I had been curious after the email outcry of a UK universities learning enhancement and support manager, and wanted to track down the original article. Here is what began as a short comment on it (full article here) but turned into a bit of a reflection on my attitude towards the rules of writing.

The article hinges on an idea rules of writing can often be viewed as descriptive, rather than prescriptive rules. That is, they exist to describe the conventions that govern our use of written language, not to dictate them. It is a view that I happen to agree with, and one that always seems particularly applicable to our work with student writers. Our clients, by and large, consist not of people who wish to master the art of writing, but who wish to use writing as a tool to master some other discipline. Effective use of language to communicate clearly and eloquently no more requires mastery of written English than effective self defense requires mastery of Tai Chi. It simply requires an awareness of the principles and, most importantly, and ability to understand them in relation to the desired goal.

It the goal that is most often the missing component in students who come to me with so called grammar problems. They will ask me “is it correct to put a comma there?”, where what they should be asking is “what is the effect of putting a comma there?”. It is with this second question that I most often respond. Rather than get bogged down in correct usage, I always find it far more productive to keep sight of what my client is trying to achieve in their sentence, paragraph or essay. If a rule is entirely novel, we may begin by consulting a concise grammar book. But after that, my sessions on correct grammar become more of an experiment than a lecture. I will ask a client to read their sentence aloud with varying usages of the comma or arrangements of word.

“What if you split that into two sentences? How does that sound?”.

Sometimes I do it the other way around.

“Say it to me as you would like it to sound. Ok, now lets write it that way.”

Sometimes I will simply tell them my understanding of a sentence. If I have understood correctly and clearly, then most of the time the writing has done its job. The key is that I remain focused on the goal of the writing, namely, to communicate ideas clearly, concisely and eloquaintly, in that order. I encourage clients to experiment with different ways of writing a clause, to read it back regularly, and consider the most effective way to communicate clearly with the audience.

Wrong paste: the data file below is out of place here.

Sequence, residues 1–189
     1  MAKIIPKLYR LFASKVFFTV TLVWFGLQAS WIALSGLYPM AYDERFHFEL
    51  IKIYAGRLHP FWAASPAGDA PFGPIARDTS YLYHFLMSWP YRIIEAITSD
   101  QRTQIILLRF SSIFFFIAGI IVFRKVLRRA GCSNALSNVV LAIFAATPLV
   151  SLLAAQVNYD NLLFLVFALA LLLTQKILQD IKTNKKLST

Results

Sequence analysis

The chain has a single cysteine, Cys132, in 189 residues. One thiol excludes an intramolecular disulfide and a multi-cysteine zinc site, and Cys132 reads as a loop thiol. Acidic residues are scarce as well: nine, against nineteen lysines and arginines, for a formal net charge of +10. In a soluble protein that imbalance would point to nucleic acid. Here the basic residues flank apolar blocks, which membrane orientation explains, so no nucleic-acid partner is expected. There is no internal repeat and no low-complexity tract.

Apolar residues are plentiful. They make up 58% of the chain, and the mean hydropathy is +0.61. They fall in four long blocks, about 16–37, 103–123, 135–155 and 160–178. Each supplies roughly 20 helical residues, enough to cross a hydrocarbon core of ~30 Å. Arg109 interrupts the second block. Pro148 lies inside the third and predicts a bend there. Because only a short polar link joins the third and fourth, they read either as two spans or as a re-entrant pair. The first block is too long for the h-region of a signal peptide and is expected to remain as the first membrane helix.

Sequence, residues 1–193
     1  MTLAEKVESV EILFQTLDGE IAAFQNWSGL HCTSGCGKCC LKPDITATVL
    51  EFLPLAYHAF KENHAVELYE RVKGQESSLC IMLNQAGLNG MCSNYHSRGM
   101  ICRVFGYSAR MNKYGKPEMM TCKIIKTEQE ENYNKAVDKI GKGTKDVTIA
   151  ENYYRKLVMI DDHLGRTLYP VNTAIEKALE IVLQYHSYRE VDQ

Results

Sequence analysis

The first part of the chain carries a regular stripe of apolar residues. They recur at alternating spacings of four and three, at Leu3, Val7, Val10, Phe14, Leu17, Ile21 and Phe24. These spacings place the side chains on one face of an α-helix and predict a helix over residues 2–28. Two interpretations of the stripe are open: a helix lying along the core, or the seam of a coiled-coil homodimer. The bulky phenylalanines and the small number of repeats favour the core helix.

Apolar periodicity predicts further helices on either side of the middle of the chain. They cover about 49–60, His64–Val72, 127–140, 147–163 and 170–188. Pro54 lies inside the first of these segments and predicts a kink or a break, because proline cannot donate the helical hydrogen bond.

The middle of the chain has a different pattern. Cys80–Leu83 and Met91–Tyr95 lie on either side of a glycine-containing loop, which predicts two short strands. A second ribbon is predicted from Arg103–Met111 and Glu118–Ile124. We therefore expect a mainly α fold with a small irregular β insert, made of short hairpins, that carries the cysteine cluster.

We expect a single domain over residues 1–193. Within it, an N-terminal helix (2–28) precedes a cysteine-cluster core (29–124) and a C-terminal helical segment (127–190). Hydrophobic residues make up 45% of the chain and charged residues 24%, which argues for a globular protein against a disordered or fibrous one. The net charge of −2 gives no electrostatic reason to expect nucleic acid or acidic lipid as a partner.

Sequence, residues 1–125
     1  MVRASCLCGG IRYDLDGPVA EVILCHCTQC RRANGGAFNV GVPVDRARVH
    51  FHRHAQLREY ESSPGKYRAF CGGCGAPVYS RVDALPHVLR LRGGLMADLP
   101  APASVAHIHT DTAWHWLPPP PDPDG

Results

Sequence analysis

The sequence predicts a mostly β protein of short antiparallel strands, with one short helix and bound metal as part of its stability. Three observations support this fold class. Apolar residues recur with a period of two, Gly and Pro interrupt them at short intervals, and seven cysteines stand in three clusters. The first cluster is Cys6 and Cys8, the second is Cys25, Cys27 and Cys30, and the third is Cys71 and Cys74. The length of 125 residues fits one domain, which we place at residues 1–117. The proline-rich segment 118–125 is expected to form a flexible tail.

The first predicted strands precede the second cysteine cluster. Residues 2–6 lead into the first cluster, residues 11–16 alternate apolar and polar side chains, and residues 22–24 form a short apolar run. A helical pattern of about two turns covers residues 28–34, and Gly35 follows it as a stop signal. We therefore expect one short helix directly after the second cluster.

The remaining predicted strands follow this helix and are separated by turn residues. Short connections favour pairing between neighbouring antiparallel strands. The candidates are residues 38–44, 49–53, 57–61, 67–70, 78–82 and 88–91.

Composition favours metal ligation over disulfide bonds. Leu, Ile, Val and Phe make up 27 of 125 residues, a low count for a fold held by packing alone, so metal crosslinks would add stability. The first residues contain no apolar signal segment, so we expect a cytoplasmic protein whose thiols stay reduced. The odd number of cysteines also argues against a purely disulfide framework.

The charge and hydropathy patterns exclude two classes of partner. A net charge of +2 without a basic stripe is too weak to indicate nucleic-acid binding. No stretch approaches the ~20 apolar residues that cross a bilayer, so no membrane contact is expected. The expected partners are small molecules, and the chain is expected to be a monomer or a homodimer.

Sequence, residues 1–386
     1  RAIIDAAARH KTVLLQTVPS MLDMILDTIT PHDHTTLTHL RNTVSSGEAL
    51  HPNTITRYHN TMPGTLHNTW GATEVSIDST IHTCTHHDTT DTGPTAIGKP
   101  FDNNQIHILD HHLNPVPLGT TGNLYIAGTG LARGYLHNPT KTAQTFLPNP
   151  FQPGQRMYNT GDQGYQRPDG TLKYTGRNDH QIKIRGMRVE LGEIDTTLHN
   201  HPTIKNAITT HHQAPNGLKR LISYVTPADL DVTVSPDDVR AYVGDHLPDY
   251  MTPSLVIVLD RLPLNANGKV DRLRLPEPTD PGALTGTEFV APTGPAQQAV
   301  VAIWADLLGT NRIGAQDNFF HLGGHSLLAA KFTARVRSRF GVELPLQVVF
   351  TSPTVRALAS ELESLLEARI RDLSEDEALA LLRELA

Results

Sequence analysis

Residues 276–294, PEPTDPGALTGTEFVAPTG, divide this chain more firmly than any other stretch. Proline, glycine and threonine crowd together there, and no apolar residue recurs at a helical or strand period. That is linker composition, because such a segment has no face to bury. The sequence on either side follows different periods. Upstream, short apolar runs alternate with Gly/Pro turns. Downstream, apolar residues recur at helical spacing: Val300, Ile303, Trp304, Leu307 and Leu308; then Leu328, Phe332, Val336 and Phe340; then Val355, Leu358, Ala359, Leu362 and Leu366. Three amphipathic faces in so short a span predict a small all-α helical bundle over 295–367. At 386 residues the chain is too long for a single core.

Pinker’s point throughout his article is not to throw away the rulebook, but rather to use the rules as tools to achieve these goals. Perhaps his description of some rules of writing as “superstitions” is taking this idea a little to far. Paying them as little heed as we do ghosts in old houses would most likely affect the clarity of our writing, as readers are also aware of conventions and use them as a map and compass to navigate our prose.

However, it is worth treating the rules of writing are tools to improve our clarity and maintain consistency so as to appeal to the widest audience. Regarding them as some bloodthirsty deity that must be appeased, as seems to be the approach of Pinker’s critic, is neither productive nor empowering for student writers. It is alienating and elitist, and how one with such an attitude can be entrusted to manage support and enhance learning for student writers is beyond me. In his slander of Michael Rosen, Pinker’s critic certainly has no right to speak about “damage that could be done”.

At the heart of Pinker’s article is the desire to breakdown barriers to writing and to make it widely accessible, the same goal as should be shared by university study skills centers. In our writing center we have this attitude, and I hope this description of my approach helps others to do that. Read the full article by Pinker if you can, I would be interested to know peoples views on it. Perhaps his book is one worth investing in. Perhaps we already have it. I am not in the mentors room right now but I will check next time I am there.